Post Author: Stacey Midge
I was 25 when I graduated from seminary and was ordained. My first position was as a chaplain at a small college, where I was routinely mistaken for a student. To me, the four years between my own undergraduate studies and my chaplaincy work represented an enormous gap in both age and experience. But to the students, staff, and faculty around me, the difference was invisible. It rankled when students hit on me, and even more when faculty dismissed me. Realistically, I realize now, the age difference between the students and me was practically non-existent; one of the students in the introductory theology course I taught was older than I was.
During the first several years of my full-time ministry, it seemed like someone was always telling me I was young. Someone was always commenting on my appearance. Someone was always trying to get me partnered. After that temporary chaplaincy position, I took a call to a congregation in a rural community. Members there offered to set me up with sons, grandsons, nephews, cousins, co-workers, and distant acquaintances. They watched my driveway for cars that weren’t mine, I suspect wishing they’d see one more often. I once went on an accidental date with a 70-year-old, but that’s an article all its own.
At the very time when I was trying the hardest to find and claim my identity as a minister, to be dignified and respectable, I was also at the age at which women are often expected to be frivolous. Appearing authoritative was absolutely critical to my vision of what I needed to be as a minister. As a result, every offhand remark about my age, gender, appearance, or love life felt like an ax chopping away at the professional persona I was so carefully constructing.
Youth is, as they say, fleeting, and somewhere around 35, I suddenly realized that my life as a single, female minister was completely different than it had been a decade earlier. Some of the changes just had to do with gaining experience. I’ve grown into my identity and become more person than persona. I’m less concerned about appearing authoritative because I’m more comfortable with holding authority.
Other differences are related to people’s perceptions of me. I’m no more or less frivolous than I was then, but I’m now met with the expectation of substance and competence. People comment less often every year about my age and appearance. Cynicism tells me that’s because they think it’s a compliment when you’re young and pretty, but not so much when you’re aging and overweight, but I appreciate the decrease in remarks anyway.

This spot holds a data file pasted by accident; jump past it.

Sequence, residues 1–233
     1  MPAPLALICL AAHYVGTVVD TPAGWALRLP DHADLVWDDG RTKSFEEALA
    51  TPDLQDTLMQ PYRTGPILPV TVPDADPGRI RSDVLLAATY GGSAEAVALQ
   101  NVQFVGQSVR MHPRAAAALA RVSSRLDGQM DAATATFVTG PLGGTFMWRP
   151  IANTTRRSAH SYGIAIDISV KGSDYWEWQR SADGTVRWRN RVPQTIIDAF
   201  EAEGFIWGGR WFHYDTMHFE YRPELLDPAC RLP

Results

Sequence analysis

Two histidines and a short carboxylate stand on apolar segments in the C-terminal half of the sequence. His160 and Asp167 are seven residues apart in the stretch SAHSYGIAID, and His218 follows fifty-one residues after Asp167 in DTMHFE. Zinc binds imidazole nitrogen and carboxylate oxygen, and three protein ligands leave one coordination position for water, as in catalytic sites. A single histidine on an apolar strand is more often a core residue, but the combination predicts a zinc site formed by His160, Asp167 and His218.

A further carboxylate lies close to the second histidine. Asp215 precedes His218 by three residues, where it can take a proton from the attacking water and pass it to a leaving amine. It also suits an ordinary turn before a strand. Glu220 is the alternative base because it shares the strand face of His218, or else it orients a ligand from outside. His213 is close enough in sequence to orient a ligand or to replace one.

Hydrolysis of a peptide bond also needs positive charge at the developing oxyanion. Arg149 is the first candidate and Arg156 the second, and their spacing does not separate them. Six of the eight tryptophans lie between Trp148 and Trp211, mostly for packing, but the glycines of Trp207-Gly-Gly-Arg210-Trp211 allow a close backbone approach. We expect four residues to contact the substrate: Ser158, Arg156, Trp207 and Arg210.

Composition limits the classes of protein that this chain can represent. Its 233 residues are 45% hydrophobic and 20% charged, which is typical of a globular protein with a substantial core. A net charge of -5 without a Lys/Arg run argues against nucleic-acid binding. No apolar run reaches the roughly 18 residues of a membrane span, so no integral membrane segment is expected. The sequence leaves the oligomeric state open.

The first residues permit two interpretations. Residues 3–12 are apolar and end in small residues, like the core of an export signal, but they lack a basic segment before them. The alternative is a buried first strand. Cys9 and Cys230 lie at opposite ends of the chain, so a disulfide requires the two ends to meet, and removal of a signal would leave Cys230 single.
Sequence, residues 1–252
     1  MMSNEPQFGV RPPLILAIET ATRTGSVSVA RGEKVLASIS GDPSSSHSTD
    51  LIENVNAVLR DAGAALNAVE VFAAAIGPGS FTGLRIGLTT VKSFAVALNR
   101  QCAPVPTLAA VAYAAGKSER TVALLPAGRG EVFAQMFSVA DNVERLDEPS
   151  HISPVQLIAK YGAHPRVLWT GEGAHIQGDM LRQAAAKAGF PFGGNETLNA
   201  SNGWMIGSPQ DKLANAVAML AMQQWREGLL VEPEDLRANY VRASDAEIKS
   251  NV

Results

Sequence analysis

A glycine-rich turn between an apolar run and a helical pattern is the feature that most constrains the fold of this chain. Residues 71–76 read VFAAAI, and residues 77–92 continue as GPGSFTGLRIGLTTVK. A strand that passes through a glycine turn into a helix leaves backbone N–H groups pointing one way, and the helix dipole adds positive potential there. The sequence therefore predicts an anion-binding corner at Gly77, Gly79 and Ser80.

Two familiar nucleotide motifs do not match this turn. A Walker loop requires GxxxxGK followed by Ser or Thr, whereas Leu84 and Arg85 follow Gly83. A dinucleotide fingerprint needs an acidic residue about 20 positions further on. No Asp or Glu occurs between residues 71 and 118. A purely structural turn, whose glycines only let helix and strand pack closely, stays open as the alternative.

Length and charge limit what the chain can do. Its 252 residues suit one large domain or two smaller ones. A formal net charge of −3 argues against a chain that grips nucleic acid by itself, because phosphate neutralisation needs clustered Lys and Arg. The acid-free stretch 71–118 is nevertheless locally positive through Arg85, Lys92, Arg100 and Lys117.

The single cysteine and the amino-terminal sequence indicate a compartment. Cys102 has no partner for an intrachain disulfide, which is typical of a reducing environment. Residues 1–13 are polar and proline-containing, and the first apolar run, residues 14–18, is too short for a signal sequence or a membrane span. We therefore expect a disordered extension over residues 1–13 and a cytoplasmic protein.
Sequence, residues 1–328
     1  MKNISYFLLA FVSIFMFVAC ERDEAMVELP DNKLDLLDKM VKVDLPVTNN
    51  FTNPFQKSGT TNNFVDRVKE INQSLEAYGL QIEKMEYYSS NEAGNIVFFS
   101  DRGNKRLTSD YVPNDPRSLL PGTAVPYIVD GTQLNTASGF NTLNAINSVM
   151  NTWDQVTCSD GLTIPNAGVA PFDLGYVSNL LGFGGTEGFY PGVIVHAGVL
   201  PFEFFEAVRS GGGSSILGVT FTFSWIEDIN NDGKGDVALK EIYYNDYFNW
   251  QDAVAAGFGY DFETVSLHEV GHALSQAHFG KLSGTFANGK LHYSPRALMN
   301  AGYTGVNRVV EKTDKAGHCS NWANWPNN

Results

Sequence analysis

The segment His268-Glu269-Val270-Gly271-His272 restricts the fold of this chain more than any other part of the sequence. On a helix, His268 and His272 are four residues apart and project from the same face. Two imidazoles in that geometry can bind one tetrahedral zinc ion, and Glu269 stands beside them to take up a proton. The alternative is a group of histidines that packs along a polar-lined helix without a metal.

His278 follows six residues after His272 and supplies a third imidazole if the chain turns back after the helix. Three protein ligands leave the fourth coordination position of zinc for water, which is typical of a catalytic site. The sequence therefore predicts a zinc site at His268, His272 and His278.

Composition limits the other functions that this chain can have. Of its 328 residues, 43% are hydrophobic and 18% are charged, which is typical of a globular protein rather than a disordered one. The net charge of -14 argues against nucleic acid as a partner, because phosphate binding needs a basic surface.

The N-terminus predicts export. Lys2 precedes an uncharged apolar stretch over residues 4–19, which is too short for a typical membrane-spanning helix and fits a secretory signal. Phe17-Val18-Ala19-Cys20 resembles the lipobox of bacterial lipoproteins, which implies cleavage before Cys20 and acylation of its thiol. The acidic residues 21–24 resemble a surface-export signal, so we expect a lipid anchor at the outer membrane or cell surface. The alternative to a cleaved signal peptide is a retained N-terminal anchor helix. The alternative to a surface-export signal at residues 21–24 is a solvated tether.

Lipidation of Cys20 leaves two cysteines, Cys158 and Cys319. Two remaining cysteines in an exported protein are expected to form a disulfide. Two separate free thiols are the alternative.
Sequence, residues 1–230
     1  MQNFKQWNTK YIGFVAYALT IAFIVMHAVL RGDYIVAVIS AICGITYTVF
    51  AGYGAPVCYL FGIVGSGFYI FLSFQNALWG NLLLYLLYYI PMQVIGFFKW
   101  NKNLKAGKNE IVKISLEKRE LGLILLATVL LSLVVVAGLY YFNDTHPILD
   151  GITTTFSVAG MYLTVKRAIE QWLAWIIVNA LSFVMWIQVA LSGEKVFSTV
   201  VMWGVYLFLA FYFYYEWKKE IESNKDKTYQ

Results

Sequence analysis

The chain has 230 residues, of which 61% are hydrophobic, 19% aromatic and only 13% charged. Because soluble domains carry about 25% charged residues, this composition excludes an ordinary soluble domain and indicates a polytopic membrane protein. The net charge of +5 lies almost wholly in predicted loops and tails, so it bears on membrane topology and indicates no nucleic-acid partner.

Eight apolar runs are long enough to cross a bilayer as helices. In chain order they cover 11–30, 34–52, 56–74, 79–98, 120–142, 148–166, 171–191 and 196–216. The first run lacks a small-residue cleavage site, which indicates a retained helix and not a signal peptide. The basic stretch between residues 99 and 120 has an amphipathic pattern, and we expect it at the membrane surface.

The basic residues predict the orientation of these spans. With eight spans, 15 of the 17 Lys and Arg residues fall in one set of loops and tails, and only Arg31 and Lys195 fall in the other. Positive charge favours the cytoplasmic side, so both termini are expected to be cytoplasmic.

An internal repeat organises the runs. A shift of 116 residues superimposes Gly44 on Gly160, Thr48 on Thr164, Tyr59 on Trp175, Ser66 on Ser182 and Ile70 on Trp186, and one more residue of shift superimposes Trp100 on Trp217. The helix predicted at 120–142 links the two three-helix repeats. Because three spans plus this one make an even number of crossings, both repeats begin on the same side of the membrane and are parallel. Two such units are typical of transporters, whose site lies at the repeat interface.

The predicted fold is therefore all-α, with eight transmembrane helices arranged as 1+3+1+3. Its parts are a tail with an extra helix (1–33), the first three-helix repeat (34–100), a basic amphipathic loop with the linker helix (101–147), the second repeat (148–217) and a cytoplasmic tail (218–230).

Women in our culture seem obsessed with resisting age, but ministry has cushioned the fall of years for me. It’s just so much easier to do this job when you don’t have to fight through the initial assumption that you won’t be experienced enough to do it. People no longer ask for my credentials when I officiate a wedding or a funeral. They used to question whether I, as a single person, would really understand how to work with a couple in premarital counseling. I’m still single, but now it doesn’t appear to be a problem. For now, every year buys me an astounding increase in credibility (check back in a couple more decades, when no one wants to call me because I’m “too old”).
Even though I found it onerous, I completely underestimated the effect my age had on how people treated me. To those of you who are there now, I’m sorry. It gets better. Unfortunately, you have to sacrifice youth for respect.
Still, singleness is trickier than youth, I think. It has been years since a congregant tried to fix me up, for which I am grateful—until I wonder, is that because this is a different congregation, less involved in its pastors’ personal lives? Or because the pool of eligible partners is smaller? Or because they’ve just given up hope? (That way lies danger!) Dating has become both harder and easier as I’ve aged out of the broadly appealing 20’s but have also grown in awareness and security about who I am.
As a single adult, participation in the church becomes more difficult as activities for your age group become almost exclusively activities for Married People With Children. Even as the pastor, I sometimes feel like I don’t quite fit anywhere in the existing church structure. And then there is the loneliness, which often comes up in conversations with single ministers. Loneliness is real and heavy.
I have discovered, though, that this difference, this not-fitting, is exactly the gift that we who are single and childless bring to the church. As we minister within a culture that is rapidly changing its assumptions about relationships and family, we are people who are also walking a non-traditional path. As such, we can model ways of seeking community outside of the nuclear family. After all, loneliness is also shared by people who have partners and children; they’re just not as free to express it.
So perhaps this is a way that we can lead the church in vulnerability, voicing pain and longing in healthy ways that free others to do so as well, regardless of their marital or offspring status. We can be bridges for the many people around us who are also trying to find a place within the church despite not fitting into the expected mold. That is something I would never have imagined myself having the ability to do at 25, but it is a gift I can bring to the church now, earned over years of being the single Rev.
Stacey Midge is ordained in the Reformed Church in America and serves as Associate Minister at the First Reformed Church of Schenectady, New York. She was an early editor of the Single Rev's Guide to Life column, and is still going strong, thanks to support from great friends and colleagues, and her ridiculous but lovable dog, Laila.
Image by: Rafolas
Used with permission